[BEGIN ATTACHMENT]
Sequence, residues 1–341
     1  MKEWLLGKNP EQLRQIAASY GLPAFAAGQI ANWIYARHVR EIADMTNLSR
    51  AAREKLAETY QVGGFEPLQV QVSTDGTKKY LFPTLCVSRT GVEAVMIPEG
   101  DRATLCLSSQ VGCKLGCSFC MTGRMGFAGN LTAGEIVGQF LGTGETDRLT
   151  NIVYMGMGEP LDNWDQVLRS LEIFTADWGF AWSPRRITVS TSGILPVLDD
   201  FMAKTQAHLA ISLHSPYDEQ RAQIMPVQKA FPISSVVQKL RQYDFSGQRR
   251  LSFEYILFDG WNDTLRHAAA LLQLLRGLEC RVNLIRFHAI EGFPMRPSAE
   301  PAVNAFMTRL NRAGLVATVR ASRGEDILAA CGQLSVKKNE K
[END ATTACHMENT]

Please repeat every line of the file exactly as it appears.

Sequence, residues 1–341
     1  MKEWLLGKNP EQLRQIAASY GLPAFAAGQI ANWIYARHVR EIADMTNLSR
    51  AAREKLAETY QVGGFEPLQV QVSTDGTKKY LFPTLCVSRT GVEAVMIPEG
   101  DRATLCLSSQ VGCKLGCSFC MTGRMGFAGN LTAGEIVGQF LGTGETDRLT
   151  NIVYMGMGEP LDNWDQVLRS LEIFTADWGF AWSPRRITVS TSGILPVLDD
   201  FMAKTQAHLA ISLHSPYDEQ RAQIMPVQKA FPISSVVQKL RQYDFSGQRR
   251  LSFEYILFDG WNDTLRHAAA LLQLLRGLEC RVNLIRFHAI EGFPMRPSAE
   301  PAVNAFMTRL NRAGLVATVR ASRGEDILAA CGQLSVKKNE K